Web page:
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Lost art

I have a book recommendation for all you true "make no apologies for it" geeks and nerds out there. It's "Sister Bernadette's Barking Dog," which has been out a few years but which I just discovered. It's about -- are you ready? are you ready? -- diagramming sentences, which those of you of, um, a certain age might remember actually doing in school.

Prithee, varlet

Let's make this a national project. Even if it was Richard Daley's idea, it's still a good one:

Mayor Richard M. Daley of Chicago, Illinois, has declared Thursday as "Talk Like Shakespeare Day" to celebrate the 445th birthday of the man many consider the greatest playwright in the English language.

While the bard's actual birth date is not known for sure, many scholars think it was April 23, 1564.

Kindle magic

The plug has been pulled on newspapers. They're already circling the drain. But, wait -- Kindle to the rescue?

Dogs' lives

When I want a good, escapist read in the fantasy/horror genre, I tend to go to Dean Koontz before Stephen King. King gets awfully wordy -- he's so successful he can tell his editors "no thanks; hands off" -- and Koontz still knows how to keep a story moving. Besides, he's a wry observer of the human condition and at at times a gloomy moralist. In a Koontz book, you're likely occasionally to stumble across a passage that says what you always knew but couldn't articulate.

Posted in: All about me, Books

A dog and a rat

There are two movies out at the same time that I want to see enough that I might not wait for the video or cable release, pretty unusual. One is "Marley & Me" from the book by John Grogan. Many of my journalist aquaintances couldn't bear reading the book because the very idea seemed like such maudlin drivel. But I actually liked it.

Posted in: All about me, Books, Film

Eat it

What I'm reading right now (besides the usual junk fiction) is "Eat Me: The Food and Philosophy of Kenny Shopsin," featuring the musings and recipes of a New York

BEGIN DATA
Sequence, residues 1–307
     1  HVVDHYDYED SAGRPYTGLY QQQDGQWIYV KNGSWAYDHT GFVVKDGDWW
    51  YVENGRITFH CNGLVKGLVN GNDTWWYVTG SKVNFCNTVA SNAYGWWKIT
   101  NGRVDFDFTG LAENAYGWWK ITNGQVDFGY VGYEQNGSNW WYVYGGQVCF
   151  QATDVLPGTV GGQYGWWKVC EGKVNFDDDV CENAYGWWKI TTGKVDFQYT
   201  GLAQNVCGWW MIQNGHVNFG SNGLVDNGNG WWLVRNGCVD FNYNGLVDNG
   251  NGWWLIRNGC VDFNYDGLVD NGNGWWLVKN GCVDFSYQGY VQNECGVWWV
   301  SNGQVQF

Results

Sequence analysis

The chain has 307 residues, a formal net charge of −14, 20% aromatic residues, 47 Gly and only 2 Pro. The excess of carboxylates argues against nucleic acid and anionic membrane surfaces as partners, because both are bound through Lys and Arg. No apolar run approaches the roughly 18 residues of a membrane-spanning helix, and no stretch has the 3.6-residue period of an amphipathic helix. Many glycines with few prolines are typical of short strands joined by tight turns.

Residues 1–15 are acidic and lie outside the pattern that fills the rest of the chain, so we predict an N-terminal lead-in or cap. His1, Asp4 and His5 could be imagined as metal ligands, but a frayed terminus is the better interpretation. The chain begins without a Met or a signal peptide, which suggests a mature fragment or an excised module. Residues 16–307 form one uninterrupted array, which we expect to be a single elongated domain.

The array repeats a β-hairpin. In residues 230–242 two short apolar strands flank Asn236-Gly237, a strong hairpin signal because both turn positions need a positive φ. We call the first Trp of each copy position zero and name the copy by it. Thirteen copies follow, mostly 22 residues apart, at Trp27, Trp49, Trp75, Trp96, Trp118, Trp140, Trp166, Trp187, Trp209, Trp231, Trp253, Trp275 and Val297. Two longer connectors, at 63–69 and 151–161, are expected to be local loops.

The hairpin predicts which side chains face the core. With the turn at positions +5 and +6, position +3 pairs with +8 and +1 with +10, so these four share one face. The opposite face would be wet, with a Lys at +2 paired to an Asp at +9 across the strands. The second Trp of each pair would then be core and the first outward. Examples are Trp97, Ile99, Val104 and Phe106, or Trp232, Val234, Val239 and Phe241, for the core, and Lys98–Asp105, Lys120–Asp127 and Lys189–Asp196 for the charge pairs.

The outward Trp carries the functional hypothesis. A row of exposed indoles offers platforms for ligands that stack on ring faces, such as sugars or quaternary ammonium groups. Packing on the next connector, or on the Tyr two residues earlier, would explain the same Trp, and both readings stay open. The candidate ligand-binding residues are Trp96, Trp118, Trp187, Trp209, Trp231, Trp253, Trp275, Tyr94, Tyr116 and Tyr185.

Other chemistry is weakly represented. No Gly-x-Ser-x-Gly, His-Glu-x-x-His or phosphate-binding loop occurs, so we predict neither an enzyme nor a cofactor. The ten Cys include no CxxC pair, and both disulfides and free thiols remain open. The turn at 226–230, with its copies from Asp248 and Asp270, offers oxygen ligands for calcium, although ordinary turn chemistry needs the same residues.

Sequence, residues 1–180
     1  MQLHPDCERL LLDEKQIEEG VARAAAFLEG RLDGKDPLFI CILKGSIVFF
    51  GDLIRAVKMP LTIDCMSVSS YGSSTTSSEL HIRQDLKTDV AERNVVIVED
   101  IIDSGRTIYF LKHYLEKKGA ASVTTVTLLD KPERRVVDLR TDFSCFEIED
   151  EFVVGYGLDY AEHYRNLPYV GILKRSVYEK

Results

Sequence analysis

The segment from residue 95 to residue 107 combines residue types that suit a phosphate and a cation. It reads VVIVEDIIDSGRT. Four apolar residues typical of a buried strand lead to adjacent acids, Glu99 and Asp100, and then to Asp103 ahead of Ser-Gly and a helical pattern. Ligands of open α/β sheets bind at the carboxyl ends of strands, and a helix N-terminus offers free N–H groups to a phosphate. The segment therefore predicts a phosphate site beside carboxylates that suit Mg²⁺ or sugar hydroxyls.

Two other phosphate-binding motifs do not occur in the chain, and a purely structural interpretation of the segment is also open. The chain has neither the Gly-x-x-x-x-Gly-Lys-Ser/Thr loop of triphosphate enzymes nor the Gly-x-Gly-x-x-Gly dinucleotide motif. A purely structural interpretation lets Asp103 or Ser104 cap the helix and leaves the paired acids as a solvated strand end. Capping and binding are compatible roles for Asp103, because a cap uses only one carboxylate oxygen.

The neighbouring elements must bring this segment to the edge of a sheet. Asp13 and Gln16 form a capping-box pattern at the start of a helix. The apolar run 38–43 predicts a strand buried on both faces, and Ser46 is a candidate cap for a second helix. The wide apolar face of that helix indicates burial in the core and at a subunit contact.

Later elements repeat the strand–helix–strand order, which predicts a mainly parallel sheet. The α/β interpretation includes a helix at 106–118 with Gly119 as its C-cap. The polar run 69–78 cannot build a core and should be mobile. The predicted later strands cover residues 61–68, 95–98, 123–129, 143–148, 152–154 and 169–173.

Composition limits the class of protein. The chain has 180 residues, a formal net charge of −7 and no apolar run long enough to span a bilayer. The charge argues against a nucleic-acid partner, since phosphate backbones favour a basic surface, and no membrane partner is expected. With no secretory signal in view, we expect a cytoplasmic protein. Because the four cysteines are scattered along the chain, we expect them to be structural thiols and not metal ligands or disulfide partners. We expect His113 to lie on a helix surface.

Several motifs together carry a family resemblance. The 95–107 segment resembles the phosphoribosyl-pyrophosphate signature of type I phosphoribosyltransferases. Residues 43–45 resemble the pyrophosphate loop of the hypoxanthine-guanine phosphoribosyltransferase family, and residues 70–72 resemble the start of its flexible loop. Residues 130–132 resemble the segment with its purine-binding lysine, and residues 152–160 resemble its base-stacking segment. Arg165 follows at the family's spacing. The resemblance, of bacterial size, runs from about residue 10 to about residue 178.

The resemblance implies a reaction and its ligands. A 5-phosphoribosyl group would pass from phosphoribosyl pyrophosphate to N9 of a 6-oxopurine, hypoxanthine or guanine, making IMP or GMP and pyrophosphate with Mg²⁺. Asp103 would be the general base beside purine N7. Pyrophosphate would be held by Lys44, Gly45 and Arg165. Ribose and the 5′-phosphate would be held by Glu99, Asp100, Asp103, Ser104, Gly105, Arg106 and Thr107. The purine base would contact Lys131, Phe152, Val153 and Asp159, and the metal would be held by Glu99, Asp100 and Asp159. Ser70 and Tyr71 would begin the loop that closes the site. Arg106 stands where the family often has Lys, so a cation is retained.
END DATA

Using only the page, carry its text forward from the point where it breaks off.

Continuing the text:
Check it out

I can understand people having strong objections to consolidating school districts or combining city and county governments. There is a sense that government will get so big and complicated that the ordinary citizen's concerns will get overlooked. But consolidating libraries at the county level -- having a county library system with numerous branches instead of a county library and several city libraries -- seems like a logical move to me.

Holden on

What do you think?

The Catcher in the Rye, J.D. Salinger's beloved novel, once banned and full of frank four-letter words, will continue to be assigned to high school reading lists this year.

But Anne Trubek, a professor of English at Oberlin College, argues that it's time to update Salinger's coming-of-age tale.

Posted in: Books

Foxy Hemingway

He fished. Then he wrote about fishing. It is a good read. A fine read. Not a hard read:

In a letter to Gertrude Stein, Hemingway described "Big Two-Hearted River" as a story in which "nothing happens." Nick Adams walks out of Seney, makes camp, and goes fishing. Beneath this mundane surface, however, swims a potent personal drama.

Dumbed down

Well, this won't be controversial:

To Mark Bauerlein, a professor of English at Emory University, the present is a good time to be young only if you don't mind a tendency toward empty-headedness. In "The Dumbest Generation," he argues that cultural and technological forces, far from opening up an exciting new world of learning and thinking, have conspired to create a level of public ignorance so high as to threaten our democracy.